Book review: Irresistible Evangelism: Natural Ways to Open Others to Jesus

Steve Sjogren has written extensively on his experiences with Servant Evangelism, a style he characterizes as “High grace, low risk.” In this book, Irresistible Evangelism, he teams up with Dave Ping and Doug Pollock to consider the broader picture of evangelism, showing how servant evangelism can fit into the total evangelistic ministry of the church.

The authors recognize that many have set out to do evangelism – from a variety of motives – but have often found their work unproductive In fact, many of the things Christians do in their attempt to evangelize lead people away from Jesus rather than toward him. They identify 7 “deadly sins” in particular:

  1. Scheming – Using slick marketing and “bait and switch” methods to bring people to Jesus
  2. Scalp Hunting – Out for numbers; highly impersonal
  3. Screaming – Self-righteously afflicting people with the gospel
  4. Selling Jesus as if He’s a Juicer – Jesus as a fix-it man for life’s every difficulty
  5. Stalking – Giving people no space; suffocating them with the blessing of your witness
  6. Sermonizing – Offering all the answers before you hear any questions
  7. Spectating – So paralyzed by fear you do nothing

If these are practices to avoid, what ought we to do? First, we ought to have a better understanding of what evangelism is. When I teach on the subject I teach that evangelism has three components: (1) What we say; (2) What we do; (3) Who we are – and each of these three components needs to be done by Christians as individuals as well as in groups. The authors say something similar. As they put it, “True evangelism is not merely proclaiming a message of good news; it is becoming a living representative of God’s heart toward people.” That is very well put. As a consequence of this understanding of evangelism, they emphasize that it is something we do not merely with designated unbelievers, but with everyone we encounter. God want to use us to help all people move closer to Him.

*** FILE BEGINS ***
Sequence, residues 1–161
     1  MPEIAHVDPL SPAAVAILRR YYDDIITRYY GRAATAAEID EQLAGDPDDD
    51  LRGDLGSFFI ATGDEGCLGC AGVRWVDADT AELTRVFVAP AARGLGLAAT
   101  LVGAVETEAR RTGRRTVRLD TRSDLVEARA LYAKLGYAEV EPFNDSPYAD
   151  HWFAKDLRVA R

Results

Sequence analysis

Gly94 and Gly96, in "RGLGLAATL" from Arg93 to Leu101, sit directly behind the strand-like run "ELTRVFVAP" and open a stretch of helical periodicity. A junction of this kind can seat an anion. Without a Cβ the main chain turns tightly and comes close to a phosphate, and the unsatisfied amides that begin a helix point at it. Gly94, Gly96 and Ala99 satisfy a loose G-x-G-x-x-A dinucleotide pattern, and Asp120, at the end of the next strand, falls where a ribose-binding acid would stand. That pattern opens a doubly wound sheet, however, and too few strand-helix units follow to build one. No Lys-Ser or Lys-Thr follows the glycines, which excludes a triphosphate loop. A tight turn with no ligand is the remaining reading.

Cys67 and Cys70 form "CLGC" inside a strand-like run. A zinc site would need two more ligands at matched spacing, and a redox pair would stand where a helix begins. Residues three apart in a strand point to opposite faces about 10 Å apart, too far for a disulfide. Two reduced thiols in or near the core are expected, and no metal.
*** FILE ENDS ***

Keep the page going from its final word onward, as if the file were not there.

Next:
Once we understand evangelism as God’s action through us, what next? The authors suggest that discover each person’s “spiritual address.” They identify four levels of needs: Physical, Emotional/Relational, Directional, and Spiritual. We all have these needs, but respond differently to messages and actions addressed to each, depending on the situation. They observe that,

“we subconsciously evaluate whether what’s being communicated connects to any of our basic needs. If it doesn’t, we will choose to turn away and ignore it. If it does connect, we’ll begin to turn toward it and give it more attention. Once we begin turning toward the message and have started to understand it somewhat, the second set of choices kicks in. Based on a largely intuitive appraisal of the potential threats involved, we’ll choose either to begin to embrace or to reject the message.”

We usually only let these needs-meeting messages into our lives when we trust the messenger. Obviously, therefore, one of our primary needs as witnesses is to prove ourselves safe and trustworthy people.